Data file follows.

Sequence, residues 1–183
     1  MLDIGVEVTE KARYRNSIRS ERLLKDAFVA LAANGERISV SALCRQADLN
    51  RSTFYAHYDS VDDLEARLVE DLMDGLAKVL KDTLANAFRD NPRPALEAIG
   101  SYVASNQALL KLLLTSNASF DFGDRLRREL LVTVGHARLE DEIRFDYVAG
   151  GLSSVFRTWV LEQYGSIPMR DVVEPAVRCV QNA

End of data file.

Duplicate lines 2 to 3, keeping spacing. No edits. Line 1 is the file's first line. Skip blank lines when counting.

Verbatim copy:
     1  MLDIGVEVTE KARYRNSIRS ERLLKDAFVA LAANGERISV SALCRQADLN
    51  RSTFYAHYDS VDDLEARLVE DLMDGLAKVL KDTLANAFRD NPRPALEAIG